• Reorganize your cabinets so that often-used food or equipment is within reach, without the need to stretch or bend to get it. You may even find it useful to keep your dishes on a countertop rack. You can also invest in a side-by-side fridge or one with the freezer on the bottom so you don’t have to lean to reach everyday food and drinks.

Safety in Living Areas

  • Mount handrails to both sides of all stairwells in your home. This includes stairs inside the house, leading up to the front or back porches, winding down into the basement, and so on.
  • Install additional lighting and switches in the house so that no room or hallway is too dark. Smart lights can be controlled from a smartphone or with voice commands, or you can invest in motion-sensitive lights that turn on when you enter a room and move around.
  • Make sure smoke and carbon monoxide detectors are mounted in each room and have the batteries switched out every six months. Installing fresh batteries isn’t just safe; it also keeps those annoying low-battery beeps from pestering you when you’re trying to sleep.
  • Remove low-lying obstacles around the house, including flower pots, electrical cords and throw rugs – reconsider anything you might trip over or slip on.
  • Exercise regularly! Strong muscles are your best defense against accidental falls.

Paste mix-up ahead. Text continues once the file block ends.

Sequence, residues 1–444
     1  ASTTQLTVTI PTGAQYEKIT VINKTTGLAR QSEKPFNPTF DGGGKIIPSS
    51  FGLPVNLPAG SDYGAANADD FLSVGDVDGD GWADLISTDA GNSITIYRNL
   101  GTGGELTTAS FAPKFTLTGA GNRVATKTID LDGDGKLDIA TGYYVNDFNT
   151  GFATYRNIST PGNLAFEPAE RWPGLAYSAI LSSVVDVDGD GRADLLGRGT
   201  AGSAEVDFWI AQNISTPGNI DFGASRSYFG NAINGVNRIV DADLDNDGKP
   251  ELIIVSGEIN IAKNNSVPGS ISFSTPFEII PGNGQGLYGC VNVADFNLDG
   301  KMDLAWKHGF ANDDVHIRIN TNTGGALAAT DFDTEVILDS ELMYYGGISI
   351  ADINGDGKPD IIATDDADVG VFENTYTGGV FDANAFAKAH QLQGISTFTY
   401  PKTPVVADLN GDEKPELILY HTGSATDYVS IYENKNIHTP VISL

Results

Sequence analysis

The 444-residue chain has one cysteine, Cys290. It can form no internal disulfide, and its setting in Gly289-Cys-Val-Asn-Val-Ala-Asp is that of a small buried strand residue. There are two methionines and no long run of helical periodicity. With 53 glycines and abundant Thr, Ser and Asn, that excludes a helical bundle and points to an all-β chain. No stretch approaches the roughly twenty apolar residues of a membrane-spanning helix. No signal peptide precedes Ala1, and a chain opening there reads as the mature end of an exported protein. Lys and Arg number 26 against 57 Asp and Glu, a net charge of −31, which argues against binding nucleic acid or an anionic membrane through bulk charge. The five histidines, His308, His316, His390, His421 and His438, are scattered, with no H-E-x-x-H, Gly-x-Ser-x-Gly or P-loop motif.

Safety From Home Invasion

  • Don’t hide your house keys anywhere close to your front door. Leaving a spare set with a trusted neighbor is usually the best idea; thieves are smart and know to check all the usual places.
  • Keep all your doors locked at all times, even if you’re at home or working out in the yard. Most thieves don’t break into homes; they walk right in through unlocked entries.
  • Close, latch and draw the drapes over your downstairs windows, especially windows facing the street. Not only are locked windows harder to break into, but closing your drapes keeps thieves from peering inside and seeing whether you’re home or not.
  • Leave the TV on if you go out during the day. Most robberies are crimes of convenience; if a potential thief thinks someone is home, they’re much more likely to move on.
  • Don’t answer the door if you don’t know the person ringing the doorbell. Home invaders sometimes masquerade as delivery or utility workers; if you’re not expecting a delivery or repair, call the agency they claim to be from and verify their identity before you open the door.
  • Replace your house numbers with larger ones that are easy to see from the street. This does more than make it easier for you to find your home in a block of identical houses; it also makes it easier for authorities to find you in case of an emergency.
  • Keep your local police office’s non-emergency number by your telephone. Don’t be afraid to call it if you have concerns about someone in your neighborhood, and don’t hesitate to call 911 if you don’t trust someone on your doorstep.

Further Resources

Senior care and safety is a concern that spreads well beyond a handful of simple around-the-house tips. Here are some other resources you might find useful in protecting yourself and the ones you love: